The revised standard describes requirements for surveillance, including the components of a National Surveillance System and the design for surveillance programmes (general and specific surveillance). The supporting infrastructure for surveillance is also included in this revised version. The standard facilitates the establishment of continuing, dynamic and efficient pest surveillance systems in order to enable the development of actions to be taken by a NPPO for the prevention of pest introduction and spread, pest management and pest reporting.

The adoption of the ISPM 42: *Requirements for the use of Temperature Treatments as Phytosanitary Measures*

The purpose of this standard is to provide generic requirements for the application of phytosanitary temperature treatments, specifically those adopted under ISPM 28 Phytosanitary treatments for regulated pests. Of the adopted phytosanitary treatments (PTs), 13 are temperature related and at CPM-13, another phytosanitary temperature treatment was adopted; PT 32: Vapour heat treatment for Bactrocera dorsalis on Carica papaya. This emphasizes the importance of the newly adopted ISPM 42 in providing guidance on the application of these various phytosanitary temperature treatments. This standard will provide guidance on the main operational requirements for the application of each type of temperature treatment to achieve this objective. This adds to the IPPC work on treatments alternatives to methyl bromide - another great achievement on environmental protection.

The adoption of the revision of ISPM 15: *Regulation of wood packaging material in international trade*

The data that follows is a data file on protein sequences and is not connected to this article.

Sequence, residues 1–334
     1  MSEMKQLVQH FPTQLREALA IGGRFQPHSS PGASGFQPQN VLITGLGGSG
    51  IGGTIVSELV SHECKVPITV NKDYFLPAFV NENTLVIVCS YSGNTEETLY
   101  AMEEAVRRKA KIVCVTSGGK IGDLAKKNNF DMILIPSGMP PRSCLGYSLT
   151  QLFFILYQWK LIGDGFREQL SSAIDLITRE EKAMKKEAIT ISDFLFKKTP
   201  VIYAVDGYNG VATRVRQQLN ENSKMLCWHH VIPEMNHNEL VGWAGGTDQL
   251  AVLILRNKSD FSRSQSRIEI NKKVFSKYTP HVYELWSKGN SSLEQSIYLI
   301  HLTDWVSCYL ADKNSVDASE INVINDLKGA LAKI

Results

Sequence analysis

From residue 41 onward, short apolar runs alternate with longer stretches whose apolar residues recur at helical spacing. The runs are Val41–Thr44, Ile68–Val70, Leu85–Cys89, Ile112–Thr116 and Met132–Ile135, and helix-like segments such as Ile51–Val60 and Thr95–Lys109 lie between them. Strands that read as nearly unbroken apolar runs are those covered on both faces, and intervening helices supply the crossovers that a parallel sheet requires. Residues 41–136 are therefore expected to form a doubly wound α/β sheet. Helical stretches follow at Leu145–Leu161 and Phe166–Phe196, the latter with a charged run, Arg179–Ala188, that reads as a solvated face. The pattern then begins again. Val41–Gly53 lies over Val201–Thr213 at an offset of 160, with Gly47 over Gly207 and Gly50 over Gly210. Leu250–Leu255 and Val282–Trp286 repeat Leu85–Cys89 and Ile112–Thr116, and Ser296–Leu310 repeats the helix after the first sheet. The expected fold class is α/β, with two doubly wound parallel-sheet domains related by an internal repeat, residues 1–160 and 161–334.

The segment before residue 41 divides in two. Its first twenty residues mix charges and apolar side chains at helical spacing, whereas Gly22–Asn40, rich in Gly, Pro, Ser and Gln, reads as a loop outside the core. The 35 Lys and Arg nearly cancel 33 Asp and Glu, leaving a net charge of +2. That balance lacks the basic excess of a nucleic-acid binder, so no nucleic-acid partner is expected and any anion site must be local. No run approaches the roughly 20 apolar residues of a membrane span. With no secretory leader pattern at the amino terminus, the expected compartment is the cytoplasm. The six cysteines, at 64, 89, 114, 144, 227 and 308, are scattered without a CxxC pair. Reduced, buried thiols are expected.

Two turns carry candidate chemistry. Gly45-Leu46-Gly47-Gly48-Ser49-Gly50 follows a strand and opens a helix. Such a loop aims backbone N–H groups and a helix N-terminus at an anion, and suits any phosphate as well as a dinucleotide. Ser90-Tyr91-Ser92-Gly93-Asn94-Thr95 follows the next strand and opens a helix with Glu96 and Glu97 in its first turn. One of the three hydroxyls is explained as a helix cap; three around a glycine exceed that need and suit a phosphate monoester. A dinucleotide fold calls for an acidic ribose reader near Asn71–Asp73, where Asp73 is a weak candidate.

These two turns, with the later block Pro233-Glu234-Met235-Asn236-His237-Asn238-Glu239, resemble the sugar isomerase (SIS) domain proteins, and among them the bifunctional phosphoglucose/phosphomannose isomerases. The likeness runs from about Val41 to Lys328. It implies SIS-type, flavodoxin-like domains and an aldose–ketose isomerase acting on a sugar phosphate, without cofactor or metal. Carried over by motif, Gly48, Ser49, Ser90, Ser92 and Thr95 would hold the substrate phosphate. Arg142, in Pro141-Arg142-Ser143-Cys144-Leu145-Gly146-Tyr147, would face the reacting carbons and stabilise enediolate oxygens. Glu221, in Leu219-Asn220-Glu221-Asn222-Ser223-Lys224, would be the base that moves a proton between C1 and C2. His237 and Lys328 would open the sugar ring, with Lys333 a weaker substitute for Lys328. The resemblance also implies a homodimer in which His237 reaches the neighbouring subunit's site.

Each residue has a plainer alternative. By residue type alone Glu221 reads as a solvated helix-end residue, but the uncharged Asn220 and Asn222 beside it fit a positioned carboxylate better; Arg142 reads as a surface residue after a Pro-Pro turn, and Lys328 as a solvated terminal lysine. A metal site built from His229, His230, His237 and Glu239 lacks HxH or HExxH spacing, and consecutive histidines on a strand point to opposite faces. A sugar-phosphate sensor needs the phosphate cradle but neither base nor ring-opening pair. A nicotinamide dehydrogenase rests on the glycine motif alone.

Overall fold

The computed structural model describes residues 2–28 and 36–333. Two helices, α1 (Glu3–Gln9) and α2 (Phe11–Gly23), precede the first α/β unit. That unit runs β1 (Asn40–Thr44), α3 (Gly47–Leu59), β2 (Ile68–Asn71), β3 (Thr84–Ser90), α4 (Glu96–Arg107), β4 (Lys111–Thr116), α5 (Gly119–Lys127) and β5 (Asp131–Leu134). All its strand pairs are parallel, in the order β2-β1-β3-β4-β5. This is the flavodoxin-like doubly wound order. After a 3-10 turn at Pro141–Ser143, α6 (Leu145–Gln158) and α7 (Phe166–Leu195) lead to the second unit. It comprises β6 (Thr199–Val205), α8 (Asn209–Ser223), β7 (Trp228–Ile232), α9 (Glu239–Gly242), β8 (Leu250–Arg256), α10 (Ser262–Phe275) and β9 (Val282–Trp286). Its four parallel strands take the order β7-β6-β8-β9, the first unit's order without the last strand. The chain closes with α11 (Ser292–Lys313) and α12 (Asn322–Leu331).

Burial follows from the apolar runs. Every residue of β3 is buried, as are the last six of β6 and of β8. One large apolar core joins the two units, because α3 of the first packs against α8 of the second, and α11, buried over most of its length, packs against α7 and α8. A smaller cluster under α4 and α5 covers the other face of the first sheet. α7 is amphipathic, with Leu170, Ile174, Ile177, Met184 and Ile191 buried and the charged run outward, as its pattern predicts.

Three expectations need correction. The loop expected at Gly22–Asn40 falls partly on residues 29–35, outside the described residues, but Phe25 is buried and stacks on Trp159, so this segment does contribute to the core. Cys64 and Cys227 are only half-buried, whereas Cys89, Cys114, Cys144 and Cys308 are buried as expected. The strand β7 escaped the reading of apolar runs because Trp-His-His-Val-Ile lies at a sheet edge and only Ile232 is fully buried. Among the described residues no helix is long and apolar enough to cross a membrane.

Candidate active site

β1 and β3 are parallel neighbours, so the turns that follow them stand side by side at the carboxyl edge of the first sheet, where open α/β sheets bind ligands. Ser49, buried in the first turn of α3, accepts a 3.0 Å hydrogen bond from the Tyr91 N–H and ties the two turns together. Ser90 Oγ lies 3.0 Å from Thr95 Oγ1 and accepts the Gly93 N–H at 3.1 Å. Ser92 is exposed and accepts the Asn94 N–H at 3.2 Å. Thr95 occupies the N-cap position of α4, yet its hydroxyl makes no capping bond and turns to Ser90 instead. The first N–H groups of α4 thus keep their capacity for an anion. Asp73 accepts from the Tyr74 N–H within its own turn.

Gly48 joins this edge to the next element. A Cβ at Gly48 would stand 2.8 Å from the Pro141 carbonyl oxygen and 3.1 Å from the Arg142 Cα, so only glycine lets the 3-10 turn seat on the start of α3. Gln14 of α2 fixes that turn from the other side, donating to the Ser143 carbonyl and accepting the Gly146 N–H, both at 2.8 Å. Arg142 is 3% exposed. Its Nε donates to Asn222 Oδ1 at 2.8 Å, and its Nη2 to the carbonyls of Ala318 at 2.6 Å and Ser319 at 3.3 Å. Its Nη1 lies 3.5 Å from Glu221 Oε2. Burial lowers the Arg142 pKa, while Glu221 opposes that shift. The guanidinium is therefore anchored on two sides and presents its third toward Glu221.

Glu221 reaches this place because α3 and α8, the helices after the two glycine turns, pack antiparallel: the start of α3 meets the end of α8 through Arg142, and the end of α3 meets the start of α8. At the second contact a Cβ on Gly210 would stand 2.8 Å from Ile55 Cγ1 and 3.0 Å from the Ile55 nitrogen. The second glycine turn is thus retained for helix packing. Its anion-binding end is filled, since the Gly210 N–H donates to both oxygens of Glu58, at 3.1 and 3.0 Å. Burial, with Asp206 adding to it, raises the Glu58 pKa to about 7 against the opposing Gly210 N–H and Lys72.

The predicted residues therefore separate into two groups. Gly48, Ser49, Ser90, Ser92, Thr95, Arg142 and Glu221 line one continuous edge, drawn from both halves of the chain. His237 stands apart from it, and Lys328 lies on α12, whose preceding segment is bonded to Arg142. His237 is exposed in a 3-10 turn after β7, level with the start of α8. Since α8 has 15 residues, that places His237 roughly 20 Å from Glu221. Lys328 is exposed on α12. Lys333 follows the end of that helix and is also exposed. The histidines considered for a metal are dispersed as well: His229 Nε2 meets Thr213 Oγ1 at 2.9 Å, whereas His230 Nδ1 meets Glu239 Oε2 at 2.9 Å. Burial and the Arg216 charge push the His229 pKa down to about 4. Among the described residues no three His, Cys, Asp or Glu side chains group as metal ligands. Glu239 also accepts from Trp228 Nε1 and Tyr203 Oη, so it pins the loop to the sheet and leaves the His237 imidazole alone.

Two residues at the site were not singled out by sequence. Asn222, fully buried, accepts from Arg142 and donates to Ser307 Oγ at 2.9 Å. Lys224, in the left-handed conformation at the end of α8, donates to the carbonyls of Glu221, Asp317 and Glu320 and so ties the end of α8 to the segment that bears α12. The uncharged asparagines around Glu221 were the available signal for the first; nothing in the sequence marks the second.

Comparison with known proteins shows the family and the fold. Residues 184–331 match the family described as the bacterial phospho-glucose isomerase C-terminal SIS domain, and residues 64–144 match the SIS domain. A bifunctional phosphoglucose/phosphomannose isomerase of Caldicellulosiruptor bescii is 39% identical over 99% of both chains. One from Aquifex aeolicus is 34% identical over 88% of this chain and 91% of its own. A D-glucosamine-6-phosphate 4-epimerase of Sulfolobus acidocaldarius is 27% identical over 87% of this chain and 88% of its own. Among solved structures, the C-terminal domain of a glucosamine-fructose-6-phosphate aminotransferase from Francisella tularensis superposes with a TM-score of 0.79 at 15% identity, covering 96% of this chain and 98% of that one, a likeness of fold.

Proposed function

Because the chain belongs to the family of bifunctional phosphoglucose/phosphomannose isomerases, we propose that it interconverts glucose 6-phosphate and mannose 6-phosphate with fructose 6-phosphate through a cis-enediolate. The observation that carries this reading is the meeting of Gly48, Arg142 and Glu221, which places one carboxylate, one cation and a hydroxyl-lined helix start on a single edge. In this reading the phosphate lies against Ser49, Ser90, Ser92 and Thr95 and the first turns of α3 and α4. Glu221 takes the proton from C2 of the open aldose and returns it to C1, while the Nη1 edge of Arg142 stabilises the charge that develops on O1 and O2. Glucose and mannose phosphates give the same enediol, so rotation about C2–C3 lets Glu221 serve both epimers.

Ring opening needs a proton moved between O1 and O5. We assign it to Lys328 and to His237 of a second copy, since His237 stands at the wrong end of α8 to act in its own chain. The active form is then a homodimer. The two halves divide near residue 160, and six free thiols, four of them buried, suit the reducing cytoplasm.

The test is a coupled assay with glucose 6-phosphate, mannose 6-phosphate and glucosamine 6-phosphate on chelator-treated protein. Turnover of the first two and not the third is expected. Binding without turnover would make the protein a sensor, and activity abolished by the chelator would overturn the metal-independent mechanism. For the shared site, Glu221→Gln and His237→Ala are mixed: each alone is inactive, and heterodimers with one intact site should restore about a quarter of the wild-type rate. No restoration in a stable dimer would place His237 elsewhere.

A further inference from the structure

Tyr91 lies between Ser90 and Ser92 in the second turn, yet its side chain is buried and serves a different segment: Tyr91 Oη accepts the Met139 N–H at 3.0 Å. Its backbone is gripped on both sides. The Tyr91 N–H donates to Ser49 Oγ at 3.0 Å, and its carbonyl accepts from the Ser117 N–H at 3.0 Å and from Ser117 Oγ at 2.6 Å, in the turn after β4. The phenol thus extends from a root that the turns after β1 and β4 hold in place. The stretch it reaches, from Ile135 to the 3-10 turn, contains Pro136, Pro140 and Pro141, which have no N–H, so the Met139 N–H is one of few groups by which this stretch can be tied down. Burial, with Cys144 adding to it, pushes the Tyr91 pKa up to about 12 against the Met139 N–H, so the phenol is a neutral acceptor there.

Wood packaging materials (WPM) move from country to country and accompany many different commodities, which may not present a pest risk. However the WPM may pose phytosanitary risk of introduction and spread of quarantine pests. The regulation of WPM represents a substantial undertaking. Estimates suggest that wood packaging material and cardboard and paper packaging account for the second largest use of wood fibre worldwide. The proposed revision is part of the continuing work to adopt feasible treatments for WPM, to provide alternative to the use of methyl bromide (MB) - the revised version of the ISPM 15 now includes sulphuryl fluoride fumigation treatments and updates on the dielectric heating section. It is important to highlight that the CPM had adopted an IPPC recommendation on Replacement or reduction of the use of MB as a phytosanitary measure (CPM Recommendations: click here).

This revised standard describes the sulphuryl fluoride treatment of WPM made from raw wood describes actual treatment schedules and provides specific guidance on the factors to be taking into consideration for the successful application.

The compliance with ISPM 15 is indicated by marking the treated WPM with a specific symbol. The CPM encourages contracting parties to continuously support the process of registration of the ISPM 15 symbol, including renewals of registrations that are due to expire. FAO has delegated the NPPO as the authority to authorize and monitor the national use of the symbol in the ISPM 15 mark.

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The CPM convened from 16 to 20 April in Rome, Italy. If you wish to retrieve more information about IPPC standards, see: